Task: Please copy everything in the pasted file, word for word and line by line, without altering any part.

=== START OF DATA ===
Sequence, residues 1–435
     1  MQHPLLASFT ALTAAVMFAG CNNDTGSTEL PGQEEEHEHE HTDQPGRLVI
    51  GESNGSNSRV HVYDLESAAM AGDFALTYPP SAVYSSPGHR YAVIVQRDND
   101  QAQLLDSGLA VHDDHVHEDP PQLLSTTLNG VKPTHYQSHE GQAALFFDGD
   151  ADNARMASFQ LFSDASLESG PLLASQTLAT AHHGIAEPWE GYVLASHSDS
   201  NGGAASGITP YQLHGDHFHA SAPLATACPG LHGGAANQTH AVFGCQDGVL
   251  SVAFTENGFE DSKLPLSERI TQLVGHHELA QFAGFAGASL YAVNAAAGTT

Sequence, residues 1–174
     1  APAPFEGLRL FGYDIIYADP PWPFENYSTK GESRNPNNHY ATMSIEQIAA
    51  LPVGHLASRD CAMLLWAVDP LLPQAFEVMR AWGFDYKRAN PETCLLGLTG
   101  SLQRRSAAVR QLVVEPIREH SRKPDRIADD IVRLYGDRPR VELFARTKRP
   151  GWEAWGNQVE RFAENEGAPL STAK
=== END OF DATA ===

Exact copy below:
Sequence, residues 1–435
     1  MQHPLLASFT ALTAAVMFAG CNNDTGSTEL PGQEEEHEHE HTDQPGRLVI
    51  GESNGSNSRV HVYDLESAAM AGDFALTYPP SAVYSSPGHR YAVIVQRDND
   101  QAQLLDSGLA VHDDHVHEDP PQLLSTTLNG VKPTHYQSHE GQAALFFDGD
   151  ADNARMASFQ LFSDASLESG PLLASQTLAT AHHGIAEPWE GYVLASHSDS
   201  NGGAASGITP YQLHGDHFHA SAPLATACPG LHGGAANQTH AVFGCQDGVL
   251  SVAFTENGFE DSKLPLSERI TQLVGHHELA QFAGFAGASL YAVNAAAGTT

Sequence, residues 1–174
     1  APAPFEGLRL FGYDIIYADP PWPFENYSTK GESRNPNNHY ATMSIEQIAA
    51  LPVGHLASRD CAMLLWAVDP LLPQAFEVMR AWGFDYKRAN PETCLLGLTG
   101  SLQRRSAAVR QLVVEPIREH SRKPDRIADD IVRLYGDRPR VELFARTKRP
   151  GWEAWGNQVE RFAENEGAPL STAK